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Fashion and Class During the Regency Era

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Jessica Donaldson

on 2 April 2014

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Transcript of Fashion and Class During the Regency Era

Fashion and Class During the Regency Era
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In 1810, George III was declared incapable of ruling due to mental incapacity. The Regency Act was passed the following year and his son George IV became the Prince Regent.

The Regency Era lasted from February 1811 to January 1820, when George III died.

The Romantic Period was already established when the Regency Era began.
The Regency Era
Social status was very important during the Regency Era. Birth played the primary role in rank, with the eldest son inheriting the family fortune. For younger sons occupation determined their class.

Titled people, referred to as 'peers', were ranked the highest socially. Royalty and nobility were considered to be peers.

The landed gentry were also considered members of the upper class. They could be ranked too. The landed gentry were distinct from the middle class as they survived solely off their land.

There were also middle and lower classes. During this time middle class people aspired to join the upper classes. To do so, they would purchase an estate and sever all business ties “to remove all the stain of trade from their family” (Grace, 2013, p. 2).
Class of Men
Social status for women was determined by men; originally from their fathers and later by their husbands.

“He is a gentleman; I am a gentleman's daughter; so far we are equal.” Pride and Prejudice
Class of Women
These terms were used to describe the different levels of formality of clothing.

'Undress' was charactierised by its informality. It was casual and simple.

'Half-dress' was considered to be halfway between undress and full-dress.

'Full-dress' was the most formal type of clothing. 'Evening dress' was considered to be part of full-dress.
Undress, Half-dress and Full-dress
Men's fashion was inspired by equestrian clothing of the late 18th century and the French Revolution.
Men's Fashion
Undress, Half-dress and Full-dress
For men, undress was considered impolite. They would remove their cravat and jacket.

For men, half-dress was casual clothing and simple knots in their neck cloths.

For men, full-dress was the most formal and elaborately tied neck cloths would be worn.

The Basics...
Shirts were pulled on and not completely buttoned. They were high collared and made of white muslin.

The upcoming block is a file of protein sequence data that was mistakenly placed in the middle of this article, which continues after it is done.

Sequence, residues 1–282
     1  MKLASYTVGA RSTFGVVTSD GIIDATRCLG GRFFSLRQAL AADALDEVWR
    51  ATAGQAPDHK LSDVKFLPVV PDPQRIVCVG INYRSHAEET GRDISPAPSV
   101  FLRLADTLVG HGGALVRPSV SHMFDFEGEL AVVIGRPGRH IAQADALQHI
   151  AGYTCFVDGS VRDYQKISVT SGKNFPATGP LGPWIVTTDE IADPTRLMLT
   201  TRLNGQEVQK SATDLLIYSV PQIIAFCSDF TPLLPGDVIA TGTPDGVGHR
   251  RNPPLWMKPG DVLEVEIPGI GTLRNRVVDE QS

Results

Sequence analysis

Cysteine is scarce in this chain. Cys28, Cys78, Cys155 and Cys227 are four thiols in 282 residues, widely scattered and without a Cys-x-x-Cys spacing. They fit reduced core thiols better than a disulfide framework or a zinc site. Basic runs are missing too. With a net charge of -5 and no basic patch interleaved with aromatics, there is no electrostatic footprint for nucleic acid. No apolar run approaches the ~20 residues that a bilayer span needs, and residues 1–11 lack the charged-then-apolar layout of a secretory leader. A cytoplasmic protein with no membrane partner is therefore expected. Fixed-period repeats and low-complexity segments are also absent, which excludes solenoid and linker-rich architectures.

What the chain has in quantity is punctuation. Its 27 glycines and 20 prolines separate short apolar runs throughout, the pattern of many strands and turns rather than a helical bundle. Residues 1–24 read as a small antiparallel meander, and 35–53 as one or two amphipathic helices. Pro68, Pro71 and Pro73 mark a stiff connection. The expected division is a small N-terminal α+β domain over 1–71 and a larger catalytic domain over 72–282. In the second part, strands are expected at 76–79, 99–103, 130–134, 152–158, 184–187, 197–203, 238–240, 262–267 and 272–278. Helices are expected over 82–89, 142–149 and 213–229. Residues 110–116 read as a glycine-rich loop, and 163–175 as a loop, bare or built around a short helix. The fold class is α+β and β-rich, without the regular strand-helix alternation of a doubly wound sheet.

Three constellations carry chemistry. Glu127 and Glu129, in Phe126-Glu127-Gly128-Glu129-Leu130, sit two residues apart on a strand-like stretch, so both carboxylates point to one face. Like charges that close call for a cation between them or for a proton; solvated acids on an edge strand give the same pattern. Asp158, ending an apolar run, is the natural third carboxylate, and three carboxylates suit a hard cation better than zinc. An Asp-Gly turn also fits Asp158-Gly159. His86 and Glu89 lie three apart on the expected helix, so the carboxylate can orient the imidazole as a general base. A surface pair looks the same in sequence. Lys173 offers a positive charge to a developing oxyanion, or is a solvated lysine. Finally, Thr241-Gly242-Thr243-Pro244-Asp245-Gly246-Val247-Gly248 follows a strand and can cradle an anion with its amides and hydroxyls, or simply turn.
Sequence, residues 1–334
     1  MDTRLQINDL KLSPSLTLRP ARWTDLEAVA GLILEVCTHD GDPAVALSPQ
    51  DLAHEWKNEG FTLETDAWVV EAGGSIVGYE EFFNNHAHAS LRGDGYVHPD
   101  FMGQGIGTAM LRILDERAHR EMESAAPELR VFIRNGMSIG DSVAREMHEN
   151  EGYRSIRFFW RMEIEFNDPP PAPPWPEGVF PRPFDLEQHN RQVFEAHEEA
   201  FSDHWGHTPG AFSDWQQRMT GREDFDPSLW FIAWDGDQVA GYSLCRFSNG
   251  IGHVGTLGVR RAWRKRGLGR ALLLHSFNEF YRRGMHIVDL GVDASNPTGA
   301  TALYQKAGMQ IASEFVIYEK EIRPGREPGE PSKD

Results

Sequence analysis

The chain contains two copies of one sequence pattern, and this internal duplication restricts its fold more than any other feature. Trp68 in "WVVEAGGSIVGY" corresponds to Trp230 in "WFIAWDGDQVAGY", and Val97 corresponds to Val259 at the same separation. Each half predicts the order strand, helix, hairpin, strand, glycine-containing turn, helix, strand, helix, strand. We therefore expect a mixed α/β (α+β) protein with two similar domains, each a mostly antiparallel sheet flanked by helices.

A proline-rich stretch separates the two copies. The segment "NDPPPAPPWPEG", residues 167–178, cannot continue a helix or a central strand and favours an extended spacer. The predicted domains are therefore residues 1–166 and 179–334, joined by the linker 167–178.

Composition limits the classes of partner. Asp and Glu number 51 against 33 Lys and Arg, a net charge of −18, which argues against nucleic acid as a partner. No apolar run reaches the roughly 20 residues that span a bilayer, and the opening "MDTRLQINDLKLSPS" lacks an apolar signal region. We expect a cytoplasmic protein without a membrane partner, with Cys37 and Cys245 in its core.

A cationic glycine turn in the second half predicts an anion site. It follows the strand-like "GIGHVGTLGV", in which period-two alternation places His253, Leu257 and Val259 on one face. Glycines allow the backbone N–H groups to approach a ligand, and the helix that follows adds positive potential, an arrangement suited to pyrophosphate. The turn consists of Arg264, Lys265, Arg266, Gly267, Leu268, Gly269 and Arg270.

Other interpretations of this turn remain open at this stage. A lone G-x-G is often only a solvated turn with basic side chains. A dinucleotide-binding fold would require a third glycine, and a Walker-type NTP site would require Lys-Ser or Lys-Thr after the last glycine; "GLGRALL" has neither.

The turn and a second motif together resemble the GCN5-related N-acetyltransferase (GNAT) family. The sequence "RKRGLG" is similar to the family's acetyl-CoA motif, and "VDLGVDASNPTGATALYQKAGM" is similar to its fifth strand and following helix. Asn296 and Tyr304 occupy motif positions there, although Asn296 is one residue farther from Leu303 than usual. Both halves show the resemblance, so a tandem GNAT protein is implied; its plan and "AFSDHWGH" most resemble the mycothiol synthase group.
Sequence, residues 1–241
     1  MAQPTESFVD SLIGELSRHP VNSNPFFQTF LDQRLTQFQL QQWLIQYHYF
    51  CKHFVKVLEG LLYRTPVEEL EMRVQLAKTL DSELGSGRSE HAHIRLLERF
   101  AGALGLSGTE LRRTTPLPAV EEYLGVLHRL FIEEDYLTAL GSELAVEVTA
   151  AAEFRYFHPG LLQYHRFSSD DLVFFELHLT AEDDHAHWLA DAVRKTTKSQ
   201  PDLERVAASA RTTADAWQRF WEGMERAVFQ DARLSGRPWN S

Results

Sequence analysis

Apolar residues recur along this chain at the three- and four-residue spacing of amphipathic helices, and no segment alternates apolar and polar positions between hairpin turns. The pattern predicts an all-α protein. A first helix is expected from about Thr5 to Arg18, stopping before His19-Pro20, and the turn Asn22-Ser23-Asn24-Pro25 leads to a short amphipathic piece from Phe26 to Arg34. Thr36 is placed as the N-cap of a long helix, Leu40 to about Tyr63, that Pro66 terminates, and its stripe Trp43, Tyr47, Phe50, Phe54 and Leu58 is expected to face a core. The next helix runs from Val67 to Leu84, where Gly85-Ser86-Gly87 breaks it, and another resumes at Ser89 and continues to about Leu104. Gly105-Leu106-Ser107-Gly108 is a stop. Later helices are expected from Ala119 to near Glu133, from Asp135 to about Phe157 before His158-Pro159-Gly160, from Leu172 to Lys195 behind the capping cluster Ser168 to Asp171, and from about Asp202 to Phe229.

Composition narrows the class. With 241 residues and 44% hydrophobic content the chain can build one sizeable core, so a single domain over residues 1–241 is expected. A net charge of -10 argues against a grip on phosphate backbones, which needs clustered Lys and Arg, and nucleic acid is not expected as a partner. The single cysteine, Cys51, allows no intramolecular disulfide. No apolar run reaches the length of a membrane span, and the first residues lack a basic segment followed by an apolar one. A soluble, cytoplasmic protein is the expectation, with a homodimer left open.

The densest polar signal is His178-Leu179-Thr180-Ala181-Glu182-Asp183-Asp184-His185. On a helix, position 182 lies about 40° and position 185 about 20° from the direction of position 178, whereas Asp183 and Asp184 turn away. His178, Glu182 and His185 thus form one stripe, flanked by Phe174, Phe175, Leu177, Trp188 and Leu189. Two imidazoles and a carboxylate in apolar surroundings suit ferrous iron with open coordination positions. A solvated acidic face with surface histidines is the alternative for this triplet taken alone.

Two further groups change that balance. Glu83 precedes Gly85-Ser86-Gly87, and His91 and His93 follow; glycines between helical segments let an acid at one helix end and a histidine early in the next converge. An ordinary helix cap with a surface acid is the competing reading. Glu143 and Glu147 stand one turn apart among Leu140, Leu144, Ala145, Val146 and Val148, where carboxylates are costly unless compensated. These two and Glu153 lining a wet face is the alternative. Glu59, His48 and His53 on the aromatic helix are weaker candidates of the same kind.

Waist coats and tail coats were high collared and either double or single breasted.

Neck cloths were made of starched linen and knotted in various ways.

Men either wore breeches, pantaloons, inexpressibles, trousers or buckskins.

Men either wore tall boots or shoes.

Popular accessories included canes, watches, wallets, quizzing glasses and hats.

Women's fashion was inspired by classical Grecian robes.
Women's Fashion
Undress, Half-dress and Full-dress
For women, undress was considered informal. It was far warmer than 'half-dress' and 'full-dress' and less expensive.

For women, half-dress was casual.

For women, full-dress was reserved for the most formal occasions.

The Basics...
Shifts and chemises were the forerunners of the slip. They were either short sleeved or sleeveless and made of white linen.

Stays (corsets) were less uncomfortable than those of previous eras.

Petticoats were worn.

Stockings or pantaloons were held up by garters and made of either cotton or silk.

Fichus, chemisettes or “tuckers” were worn for modesty.

Women either wore slippers or simple pumps, mules, half-boots and pattens.

Women's clothing was categorized further into morning dress, walking dress, promenade and carriage dresses, riding habits, dinner dresses and ball gowns.
Wraps and shawls were worn for warmth.

Spencers and pelisses both had high waist lines and relatively tight sleeves. Spencers were modelled
on the riding coats worn by men. Pelisses were basically overdresses and were often trimmed or lined with furs.

Redingotes were long, fitted and worn open to reveal the dress.

Cloaks and mantles were worn to formal occasions.
Tippets, pelerines and muffs were worn for warmth.

Hats and gloves were worn for modesty.

Women also carried reticules or redicules and parasols.
Fashion and Class
“The aristocracy and upper crust, steeped in tradition and manners, had no trouble following the rules, but... the rising middle class often found the code of conduct bewildering” (Sanborn, 2012, p. 1).
From Regency Etiquette: The Mirror of Graces (1811) or The English Lady's Costume
by a Lady of Distinction Reprinted by R. L. Shep Publications.

"...we totally disapprove, at all times, of the much ornamented stocking."

"Excess is always bad."

"...a diversity of colours bespeaks vulgarity of taste, a mind without innate elegance or acquired culture."

"...your dress... should correspond to the station you hold in society."
From Manual of Politeness from Google Books.

".... in the present style of female dress, (there is) a want of proper distinction which should ever be attended to in the several degress of costume."
Court Dress
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